… and Todd. Sorry. Going too fast. No, the UK MFBP had a single sleeve, white back. I have an American copy and should have checked.


Entered at Sat Oct 24 19:16:02 CEST 2015 from (82.69.47.175)

Posted by:

Peter V

Thanks Adam. Will correct … same session though?


Entered at Sat Oct 24 18:54:20 CEST 2015 from (99.16.133.205)

Posted by:

Adam

That single of "The Weight" does not have the Brown Album photo a year earlier in 1968. It's the Music From Big Pink left inner gatefold photo.


Entered at Sat Oct 24 17:32:51 CEST 2015 from (86.171.224.149)

Posted by:

Dunc

Location: Scotland

Subject: Thanks, Peter

Enjoyed reading article and looking at illustrations. Well researched and comprehensive. I've always been surprised the single wasn't something like a number 1 for 12 weeks. Too far ahead for its time? Thanks, Peter.


Entered at Sat Oct 24 17:24:16 CEST 2015 from (174.236.33.180)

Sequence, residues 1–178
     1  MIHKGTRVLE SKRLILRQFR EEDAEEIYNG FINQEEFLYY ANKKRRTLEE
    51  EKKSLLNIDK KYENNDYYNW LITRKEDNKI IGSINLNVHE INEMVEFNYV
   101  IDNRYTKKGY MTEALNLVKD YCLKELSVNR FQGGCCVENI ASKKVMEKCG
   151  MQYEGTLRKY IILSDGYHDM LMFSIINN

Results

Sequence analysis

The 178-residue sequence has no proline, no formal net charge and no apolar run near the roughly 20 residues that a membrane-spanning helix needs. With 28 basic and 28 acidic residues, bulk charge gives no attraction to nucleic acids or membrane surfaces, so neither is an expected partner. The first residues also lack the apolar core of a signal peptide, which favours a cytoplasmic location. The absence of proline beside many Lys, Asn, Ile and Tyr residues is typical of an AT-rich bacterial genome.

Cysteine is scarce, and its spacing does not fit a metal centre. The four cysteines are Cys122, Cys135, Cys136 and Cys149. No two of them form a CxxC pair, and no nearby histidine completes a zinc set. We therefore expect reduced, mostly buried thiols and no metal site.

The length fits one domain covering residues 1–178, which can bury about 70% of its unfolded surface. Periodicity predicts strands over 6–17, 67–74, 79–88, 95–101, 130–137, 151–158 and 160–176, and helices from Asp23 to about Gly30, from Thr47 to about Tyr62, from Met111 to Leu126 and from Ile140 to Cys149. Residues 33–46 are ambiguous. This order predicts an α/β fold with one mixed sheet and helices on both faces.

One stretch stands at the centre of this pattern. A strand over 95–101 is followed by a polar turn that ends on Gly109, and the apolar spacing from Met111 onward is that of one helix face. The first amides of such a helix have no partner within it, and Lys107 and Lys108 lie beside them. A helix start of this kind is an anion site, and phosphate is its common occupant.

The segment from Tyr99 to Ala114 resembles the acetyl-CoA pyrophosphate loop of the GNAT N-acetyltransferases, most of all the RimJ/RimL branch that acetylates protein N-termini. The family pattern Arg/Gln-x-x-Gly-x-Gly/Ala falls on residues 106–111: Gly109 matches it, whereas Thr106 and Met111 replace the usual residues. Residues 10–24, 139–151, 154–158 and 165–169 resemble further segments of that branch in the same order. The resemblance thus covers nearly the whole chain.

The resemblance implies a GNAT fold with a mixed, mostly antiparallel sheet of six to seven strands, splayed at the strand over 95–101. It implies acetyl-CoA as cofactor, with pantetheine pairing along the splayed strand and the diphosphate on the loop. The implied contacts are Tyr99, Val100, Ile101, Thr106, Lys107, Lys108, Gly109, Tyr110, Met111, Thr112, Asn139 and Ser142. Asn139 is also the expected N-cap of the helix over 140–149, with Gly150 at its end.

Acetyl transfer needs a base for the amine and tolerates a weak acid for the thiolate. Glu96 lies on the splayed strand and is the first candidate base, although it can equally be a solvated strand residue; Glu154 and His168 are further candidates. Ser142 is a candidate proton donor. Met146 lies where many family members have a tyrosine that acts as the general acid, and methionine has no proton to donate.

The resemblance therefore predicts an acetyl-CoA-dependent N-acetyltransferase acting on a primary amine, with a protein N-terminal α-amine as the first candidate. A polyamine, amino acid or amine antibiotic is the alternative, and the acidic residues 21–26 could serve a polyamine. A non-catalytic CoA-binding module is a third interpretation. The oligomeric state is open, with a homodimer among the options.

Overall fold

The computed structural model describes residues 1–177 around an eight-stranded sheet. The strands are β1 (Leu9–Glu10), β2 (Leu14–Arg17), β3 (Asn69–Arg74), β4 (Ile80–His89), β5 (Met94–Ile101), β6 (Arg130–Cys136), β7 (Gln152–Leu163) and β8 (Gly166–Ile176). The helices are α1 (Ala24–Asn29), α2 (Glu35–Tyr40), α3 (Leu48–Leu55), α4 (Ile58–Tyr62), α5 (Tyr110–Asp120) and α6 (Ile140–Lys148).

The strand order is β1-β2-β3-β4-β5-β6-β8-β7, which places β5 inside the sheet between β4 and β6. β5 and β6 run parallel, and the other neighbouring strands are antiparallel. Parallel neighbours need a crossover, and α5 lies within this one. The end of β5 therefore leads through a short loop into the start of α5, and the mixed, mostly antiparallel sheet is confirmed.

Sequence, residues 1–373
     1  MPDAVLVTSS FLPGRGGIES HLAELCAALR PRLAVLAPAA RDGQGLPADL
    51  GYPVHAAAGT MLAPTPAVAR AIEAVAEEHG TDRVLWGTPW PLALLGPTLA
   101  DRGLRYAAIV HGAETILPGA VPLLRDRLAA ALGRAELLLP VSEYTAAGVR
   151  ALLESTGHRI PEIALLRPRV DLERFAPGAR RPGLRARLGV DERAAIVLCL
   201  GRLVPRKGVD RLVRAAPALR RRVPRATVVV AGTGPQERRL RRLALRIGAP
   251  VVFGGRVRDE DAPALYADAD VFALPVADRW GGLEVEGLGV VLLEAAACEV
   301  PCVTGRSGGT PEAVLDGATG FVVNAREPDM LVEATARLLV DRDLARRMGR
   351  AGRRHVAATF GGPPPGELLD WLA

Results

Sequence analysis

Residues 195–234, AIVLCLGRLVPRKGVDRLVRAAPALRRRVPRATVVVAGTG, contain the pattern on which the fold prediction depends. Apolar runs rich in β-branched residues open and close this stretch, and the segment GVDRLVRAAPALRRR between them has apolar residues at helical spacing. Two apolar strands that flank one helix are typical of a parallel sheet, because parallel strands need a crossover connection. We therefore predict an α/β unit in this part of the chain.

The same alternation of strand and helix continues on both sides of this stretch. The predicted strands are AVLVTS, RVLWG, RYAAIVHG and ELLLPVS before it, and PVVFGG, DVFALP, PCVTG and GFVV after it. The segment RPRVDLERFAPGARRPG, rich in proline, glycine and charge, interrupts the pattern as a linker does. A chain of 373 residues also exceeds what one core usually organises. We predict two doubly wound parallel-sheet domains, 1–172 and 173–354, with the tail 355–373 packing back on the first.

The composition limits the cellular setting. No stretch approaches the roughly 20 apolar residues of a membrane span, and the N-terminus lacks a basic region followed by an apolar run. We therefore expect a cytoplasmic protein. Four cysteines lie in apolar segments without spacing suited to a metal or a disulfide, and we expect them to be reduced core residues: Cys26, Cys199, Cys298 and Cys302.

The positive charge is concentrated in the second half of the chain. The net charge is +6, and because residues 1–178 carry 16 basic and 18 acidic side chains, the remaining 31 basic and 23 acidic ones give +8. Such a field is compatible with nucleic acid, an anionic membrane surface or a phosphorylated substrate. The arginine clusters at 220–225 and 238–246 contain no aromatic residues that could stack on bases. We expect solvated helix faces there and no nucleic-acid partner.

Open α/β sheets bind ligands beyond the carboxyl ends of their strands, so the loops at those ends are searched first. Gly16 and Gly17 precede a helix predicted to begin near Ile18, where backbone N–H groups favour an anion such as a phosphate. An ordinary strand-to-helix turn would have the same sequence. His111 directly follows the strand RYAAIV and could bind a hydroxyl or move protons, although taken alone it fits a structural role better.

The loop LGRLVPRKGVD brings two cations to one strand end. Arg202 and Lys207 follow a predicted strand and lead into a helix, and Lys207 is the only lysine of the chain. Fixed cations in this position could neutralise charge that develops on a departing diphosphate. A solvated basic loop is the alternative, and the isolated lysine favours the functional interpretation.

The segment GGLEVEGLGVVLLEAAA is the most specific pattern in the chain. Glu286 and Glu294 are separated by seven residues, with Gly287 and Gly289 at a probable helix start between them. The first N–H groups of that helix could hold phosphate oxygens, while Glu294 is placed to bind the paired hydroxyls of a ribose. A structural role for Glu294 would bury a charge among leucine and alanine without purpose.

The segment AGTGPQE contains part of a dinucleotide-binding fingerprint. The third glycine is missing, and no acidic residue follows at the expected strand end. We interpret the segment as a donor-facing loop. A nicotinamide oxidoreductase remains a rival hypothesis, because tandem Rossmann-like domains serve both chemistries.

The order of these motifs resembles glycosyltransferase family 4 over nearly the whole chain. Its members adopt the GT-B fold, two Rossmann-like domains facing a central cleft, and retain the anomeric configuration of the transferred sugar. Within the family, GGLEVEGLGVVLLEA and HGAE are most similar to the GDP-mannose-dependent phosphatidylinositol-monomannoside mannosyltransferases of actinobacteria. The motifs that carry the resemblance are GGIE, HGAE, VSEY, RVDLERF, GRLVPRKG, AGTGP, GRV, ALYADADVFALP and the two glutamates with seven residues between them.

Posted by:

Todd

Location: CT

Subject: The Weight

Peter V. Interesting info, and fun to see some of the original advertising. I may be missing something, but I don't see the photo from the Brown album, which I assume is the one from John Joy Road.

The photo in the ad that you provided looks to me like the one from Music From Big Pink. The one that is shown inside the gatefold cover in the U.S. release. Did the UK Brown album use the MFBP photo? Did the UK MFBP, not use the photo? The one from Wittenberg RD with the mountains in the background?


Entered at Sat Oct 24 16:57:52 CEST 2015 from (82.69.47.175)

Posted by:

Peter V

Web: My link

Subject: The Weight

Having found those adverts for the initial UK release of competing versions of The Weight on 7th September 1968, I put together a quick article to display them. Linked above.


Entered at Sat Oct 24 12:44:54 CEST 2015 from (82.69.47.175)

Posted by:

Peter V

Al, don't forget, at Yates, if anyone says "Are you looking at me?" do not reply "No, I don't like cartoons."